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[DPRG] Driving an H-Bridge with a switching power supply

Subject: [DPRG] Driving an H-Bridge with a switching power supply
From: David P. Anderson dpa at io.isem.smu.edu
Date: Tue Dec 23 09:35:02 CST 2003

Bob,

try

http://www.maxim-ic.com/quick_view2.cfm?qv_pk=1276

dpa

> 
> David,
> 
> The URL takes me to chipdocs. Apparently, it is
> a subscription only service.
> Do you have another URL for the Datasheet?
> 
> Thx!
> Bob
> 
> > Howdy
> >
> > On Using a Switching Power Supply to Drive an H_Bridge.
> >
> > One of the problems I've struggled with on the two-wheel
> > balancing robot is the change in behavior as the battery
> > drains.  I'm running the robot on 18 Nmh AA cells, at 1600
> > mAh.  Fully charged that's about 25 volts, and fully discharged
> > (at 1 volt per cell) is 18 volts.
> >
> > The robot balancing behavior is optimal at about 23 volts.
> > Higher than that, it is quite "jerky", and below about 22 volts
> > it is quite "loopy."   I can adjust it so that it is optimal
> > in any of these ranges, but then it works poorly in the others.
> >
> > On my other non-balancing robots, this problem is solved with
> > shaft encoders and a PID speed controller.  The speed controller
> > increases the pulse widths to compensate for the sagging battery
> > voltage, and the behaviors remain constant across the range of
> > the battery.
> >
> > For the balancing robot, this has proved more problematic.
> > I originally thought that I could deal with this by monitoring
> > the battery voltage, which I do, and adjusting the gain or gains
> > as the voltage drooped, but in practice this has proven very
> > difficult to do.
> >
> > About a month ago at one of the RBNOs at the warehouse, I was
> > demonstrating this behavior and the Most Excellent Brian Merritt
> > suggested that this problem might better be solved in hardware,
> > and thereafter gave me a pointer to a Dallas Semiconductor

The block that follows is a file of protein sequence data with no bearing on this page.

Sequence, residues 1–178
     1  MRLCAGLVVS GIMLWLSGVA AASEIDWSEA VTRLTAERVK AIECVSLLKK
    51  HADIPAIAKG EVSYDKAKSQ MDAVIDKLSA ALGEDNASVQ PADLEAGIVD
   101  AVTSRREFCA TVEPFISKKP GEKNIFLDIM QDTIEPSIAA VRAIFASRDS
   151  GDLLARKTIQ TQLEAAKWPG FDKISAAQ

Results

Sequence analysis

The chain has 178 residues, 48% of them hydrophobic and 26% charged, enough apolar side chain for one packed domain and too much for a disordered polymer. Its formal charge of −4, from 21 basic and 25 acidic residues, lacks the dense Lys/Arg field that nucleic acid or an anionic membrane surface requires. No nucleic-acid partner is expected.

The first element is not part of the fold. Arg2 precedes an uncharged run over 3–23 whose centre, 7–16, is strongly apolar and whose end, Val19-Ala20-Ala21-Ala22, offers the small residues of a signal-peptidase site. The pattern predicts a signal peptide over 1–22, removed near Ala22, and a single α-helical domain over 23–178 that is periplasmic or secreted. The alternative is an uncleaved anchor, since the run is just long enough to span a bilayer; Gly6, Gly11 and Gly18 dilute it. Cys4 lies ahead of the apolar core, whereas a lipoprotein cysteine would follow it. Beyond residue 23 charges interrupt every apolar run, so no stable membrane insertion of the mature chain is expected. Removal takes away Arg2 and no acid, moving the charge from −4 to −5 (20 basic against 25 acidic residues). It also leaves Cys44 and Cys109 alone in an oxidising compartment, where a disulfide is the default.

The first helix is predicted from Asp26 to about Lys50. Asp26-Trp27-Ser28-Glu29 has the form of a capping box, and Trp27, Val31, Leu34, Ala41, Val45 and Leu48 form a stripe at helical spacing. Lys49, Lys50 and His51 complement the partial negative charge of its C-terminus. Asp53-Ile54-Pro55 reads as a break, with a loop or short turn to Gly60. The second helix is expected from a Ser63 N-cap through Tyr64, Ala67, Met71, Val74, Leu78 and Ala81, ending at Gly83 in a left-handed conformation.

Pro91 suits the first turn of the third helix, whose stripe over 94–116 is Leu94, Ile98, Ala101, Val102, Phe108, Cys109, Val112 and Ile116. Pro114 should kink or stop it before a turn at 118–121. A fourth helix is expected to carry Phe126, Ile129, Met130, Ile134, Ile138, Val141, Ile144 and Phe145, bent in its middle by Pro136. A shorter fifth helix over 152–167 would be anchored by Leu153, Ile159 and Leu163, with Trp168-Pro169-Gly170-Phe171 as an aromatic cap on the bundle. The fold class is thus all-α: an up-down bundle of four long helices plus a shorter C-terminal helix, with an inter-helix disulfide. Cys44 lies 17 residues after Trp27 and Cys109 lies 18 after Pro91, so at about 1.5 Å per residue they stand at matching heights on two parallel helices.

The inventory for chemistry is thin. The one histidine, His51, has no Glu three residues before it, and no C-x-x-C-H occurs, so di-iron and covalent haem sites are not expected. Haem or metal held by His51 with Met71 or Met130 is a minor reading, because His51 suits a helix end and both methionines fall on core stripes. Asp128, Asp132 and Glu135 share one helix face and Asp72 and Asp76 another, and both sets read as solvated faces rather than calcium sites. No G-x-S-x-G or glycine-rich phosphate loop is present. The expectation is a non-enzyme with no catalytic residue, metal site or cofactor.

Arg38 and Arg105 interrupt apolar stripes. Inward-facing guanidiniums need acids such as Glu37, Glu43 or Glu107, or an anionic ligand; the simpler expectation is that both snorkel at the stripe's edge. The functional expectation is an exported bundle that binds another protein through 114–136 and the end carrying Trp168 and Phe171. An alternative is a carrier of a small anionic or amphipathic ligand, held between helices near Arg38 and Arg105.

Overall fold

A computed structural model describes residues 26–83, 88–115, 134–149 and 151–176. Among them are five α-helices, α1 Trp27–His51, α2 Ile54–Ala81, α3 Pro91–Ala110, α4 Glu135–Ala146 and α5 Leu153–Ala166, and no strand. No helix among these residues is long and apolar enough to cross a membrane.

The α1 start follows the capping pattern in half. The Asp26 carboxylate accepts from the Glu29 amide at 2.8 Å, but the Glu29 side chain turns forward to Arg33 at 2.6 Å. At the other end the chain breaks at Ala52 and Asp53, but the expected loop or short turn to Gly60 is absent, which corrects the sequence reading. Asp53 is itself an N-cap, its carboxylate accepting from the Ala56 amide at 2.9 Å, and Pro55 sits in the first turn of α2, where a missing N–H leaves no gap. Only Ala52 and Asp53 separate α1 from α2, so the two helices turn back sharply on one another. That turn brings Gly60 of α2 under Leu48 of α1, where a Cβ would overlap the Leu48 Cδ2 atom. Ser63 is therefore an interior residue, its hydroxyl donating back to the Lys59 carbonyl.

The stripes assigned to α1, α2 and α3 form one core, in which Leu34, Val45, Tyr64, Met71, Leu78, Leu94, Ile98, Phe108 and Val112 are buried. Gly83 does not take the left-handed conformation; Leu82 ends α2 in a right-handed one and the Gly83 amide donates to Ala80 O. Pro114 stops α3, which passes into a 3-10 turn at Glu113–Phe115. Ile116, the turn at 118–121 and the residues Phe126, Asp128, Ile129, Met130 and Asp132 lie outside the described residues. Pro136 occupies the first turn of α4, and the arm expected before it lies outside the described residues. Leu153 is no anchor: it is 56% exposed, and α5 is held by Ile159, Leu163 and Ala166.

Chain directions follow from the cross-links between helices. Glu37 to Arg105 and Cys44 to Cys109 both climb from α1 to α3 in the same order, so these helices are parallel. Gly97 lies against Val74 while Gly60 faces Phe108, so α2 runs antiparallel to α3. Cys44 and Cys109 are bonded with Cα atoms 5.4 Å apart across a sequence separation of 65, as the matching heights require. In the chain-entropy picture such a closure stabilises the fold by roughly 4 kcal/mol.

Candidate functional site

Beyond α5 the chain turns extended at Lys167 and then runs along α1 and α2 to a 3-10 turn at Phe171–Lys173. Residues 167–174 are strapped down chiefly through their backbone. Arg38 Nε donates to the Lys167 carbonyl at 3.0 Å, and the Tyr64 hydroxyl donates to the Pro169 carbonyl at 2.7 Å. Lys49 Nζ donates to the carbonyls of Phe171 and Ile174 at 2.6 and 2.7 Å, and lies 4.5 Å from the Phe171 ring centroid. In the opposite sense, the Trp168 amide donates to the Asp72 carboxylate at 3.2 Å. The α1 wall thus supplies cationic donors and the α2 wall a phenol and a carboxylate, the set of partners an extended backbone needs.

> > Maxim MXL1074CT  --- here's a handy reference:
> >
> > http://www.chipdocs.com/pndecoder/datasheets/MAXIM/MXL1074CT.html
> >
> > So I ordered a couple of samples and after some consultation with Brian
> > and Ron Grant, made a trip to Tanners for the appropriate inductor
> > and a handful of capacitors, and built a little 23 volt, 5 amp
> > switching power supply.  I added three more AA cells to nBot's
> > battery pack and mounted the switcher between the power switch
> > and the H-Bridge.
> >
> > I've been running it for a couple of weeks now, and it works just
> > dandy!  The output remains at a steady 23 volts as the pack drains
> > from about 29 volts to about 25v.  I hung a 3amp load on the supply
> > and watched the output on the scope, it appears to regulate down to
> > within about 2.5 volts of the requested output voltage (which I can
> > adjust with a 10-turn pot).  There is a little bit of ringing on
> > the output waveform, but basically it's pretty clean.
> >
> > I'm now in the process of re-calibrating the robot, which is about
> > 1/2 done, but so far the performance is markedly improved.   Further,
> > during a two hour session of testing and calibrating, the behavior
> > remains consistent throughout.  As a result, it is easier to tune
> > the system, and the robot already seems more stable.
> >
> > This has made me wonder if this sort of thing might be a useful
> > addition to a non-balancing robot, as well.  And if so, if the
> > little switcher should just be part of the H-Bridge board to
> > begin with?  (It's only something like 5 components)
> >
> > Anybody have any similar experience?  How about with industrial
> > controllers?
> >
> > merry christmas,
> > dpa
> >
> >
> > _______________________________________________
> > DPRGlist mailing list
> > DPRGlist at dprg.org
> > http://nimon.ncc.com/mailman/listinfo/dprglist
> >
> 


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